Coconut Chicken Fingers

I have a confession to make. I’m not really a fan of chicken. I find it dry, bland and completely uninspiring.

Of course, this is because I have actually eaten free-range chicken used to running around on my grandmother’s farm all day and eating whatever it wanted; happy chicken. Happy chickens taste better than mass-produced chickens.

I can’t get my hands on a lot of old-fashioned chickens, so I really don’t eat it all that much.

Having said that, I understand that it’s all a lot of people eat – or that their kids will eat. With that in mind, I give you this low-fuss offering. It’s one you can double and freeze for those nights when you just don’t want to think about dinner too much.

This recipe uses about a pound or 500 g of boneless, skinless chicken fillets. You can use breast meat cut lengthwise into strips or, do what I do, and use chicken tenderloins. Thigh fillets would also work.

If you want to, you could even cut your meat into large dice and make your own chicken nuggets for small people’s dinners or finger-food at parties. Just sayin’.

As with everything on this site, play with it and make it your own.20150616_150135

So, after it’s been cut to shape, the chicken is then seasoned with salt and pepper and put through an assembly line coating process. You’ll need three plates: one with plain flour, one with beaten egg whites and one with a mix of breadcrumbs and shredded or desiccated coconut. You can also get older children involved in this part, thereby cutting the labour for you!

(If following this advice, put the breadcrumbs in a bowl, not on a plate. Thank me later.)

I used Panko crumbs for this, because I like the crunchy texture. You’ll find them in the Asian foods section of your supermarket if you live in Oz. However, you can use plain old breadcrumbs if that’s what you’ve got. These are mixed with a fair amount of coconut just to change things up a bit.

I’ve also been known to add a touch of lime or lemon zest as well to give a bit of zing. If you like heat, a small red chilli sliced finely and mixed through the crumbs would add a touch of colour and spice.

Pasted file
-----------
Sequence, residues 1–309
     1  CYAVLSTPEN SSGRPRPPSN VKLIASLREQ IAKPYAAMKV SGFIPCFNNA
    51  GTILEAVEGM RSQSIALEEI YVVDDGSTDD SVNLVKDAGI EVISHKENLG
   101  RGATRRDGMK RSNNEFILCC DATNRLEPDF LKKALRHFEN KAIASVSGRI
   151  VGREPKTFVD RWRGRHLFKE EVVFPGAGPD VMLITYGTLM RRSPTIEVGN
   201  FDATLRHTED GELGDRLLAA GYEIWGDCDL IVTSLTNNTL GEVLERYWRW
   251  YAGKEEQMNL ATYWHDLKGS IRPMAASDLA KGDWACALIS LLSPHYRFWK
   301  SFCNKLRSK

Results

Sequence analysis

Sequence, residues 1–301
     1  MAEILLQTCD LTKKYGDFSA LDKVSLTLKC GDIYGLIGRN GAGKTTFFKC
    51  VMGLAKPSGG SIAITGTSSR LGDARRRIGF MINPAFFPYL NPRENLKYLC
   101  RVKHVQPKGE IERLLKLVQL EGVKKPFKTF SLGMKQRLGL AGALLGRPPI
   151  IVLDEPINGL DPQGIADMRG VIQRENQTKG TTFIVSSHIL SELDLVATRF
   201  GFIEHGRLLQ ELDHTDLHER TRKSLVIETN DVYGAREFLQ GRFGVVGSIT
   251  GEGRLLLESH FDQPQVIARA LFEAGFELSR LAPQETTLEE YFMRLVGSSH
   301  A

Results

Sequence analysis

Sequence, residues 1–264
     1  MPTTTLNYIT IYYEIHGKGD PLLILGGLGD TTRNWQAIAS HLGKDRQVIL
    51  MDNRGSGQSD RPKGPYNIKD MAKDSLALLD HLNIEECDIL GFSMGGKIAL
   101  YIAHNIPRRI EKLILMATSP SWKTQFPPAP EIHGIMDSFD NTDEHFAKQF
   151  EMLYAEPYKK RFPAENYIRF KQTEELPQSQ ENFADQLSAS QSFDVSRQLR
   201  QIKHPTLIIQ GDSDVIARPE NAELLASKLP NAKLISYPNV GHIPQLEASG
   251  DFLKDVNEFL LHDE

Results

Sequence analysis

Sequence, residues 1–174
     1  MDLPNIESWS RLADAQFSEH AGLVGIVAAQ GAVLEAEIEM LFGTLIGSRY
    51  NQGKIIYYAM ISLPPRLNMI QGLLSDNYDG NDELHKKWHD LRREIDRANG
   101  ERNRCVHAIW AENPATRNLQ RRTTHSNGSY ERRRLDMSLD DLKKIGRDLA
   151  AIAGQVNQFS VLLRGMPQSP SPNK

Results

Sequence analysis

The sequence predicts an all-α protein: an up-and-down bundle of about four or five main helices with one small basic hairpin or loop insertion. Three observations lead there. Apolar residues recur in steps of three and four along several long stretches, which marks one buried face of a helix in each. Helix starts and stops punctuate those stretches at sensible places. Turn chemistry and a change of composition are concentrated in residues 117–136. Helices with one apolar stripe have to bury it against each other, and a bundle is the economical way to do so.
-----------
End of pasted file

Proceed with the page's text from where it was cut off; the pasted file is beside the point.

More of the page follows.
So, grab a bit of chicken and dredge (cover) with the plain flour.

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I added the salt and pepper to the flour, because lazy.

Then dip it in the lightly beaten egg whites, coating thoroughly.20150616_150532.JPG

 

Followed by a good dunking in the breadcrumb/coconut mix, patting it down quite firmly to make everything stick.

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Mix it all together first. This just looked more interesting.

And that’s it. Pop the pieces on a baking tray lined with baking paper, spray lightly with oil spray and bake for 12 mins at 450ºF/ 220ºC, turning and respraying at the half way point. The oil spray is purely optional, but gives the finished dish a sun-tanned look, reminiscent of pan-frying but without the hassle…

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Ready to bake.

Serve with rice and vegetables garnished with a slice of lemon to squeeze over. If you’re serving them as finger food at a party, then a dipping sauce of aioli or sriracha mayonnaise would work a treat.

I tend to make this in double or triple portions and freeze them in giant snap lock bags when cooled. Then reheat at 350ºF/180ºC for 20 mins until heated through. Freezing the cooked chicken means you never have to worry about it not cooking through from frozen…

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Cool on racks before freezing.

Coconut Chicken Fingers

  • Servings: 4
  • Difficulty: easy
  • Print

Ingredients

500 g boneless, skinless chicken. (breast meat, tenderloins, thighs)

salt and pepper to taste

1/3 cup plain flour

¾ cup Panko bread crumbs or 1 cup regular dried breadcrumbs

2 large egg whites, lightly beaten.

Cooking spray.

Method

Heat oven to 450ºF/220ºC.

Cut chicken into strips about ½ an inch thick and season with salt and pepper.

Take three shallow plates.

Fill one with the plain flour.

Fill another plate with the egg whites.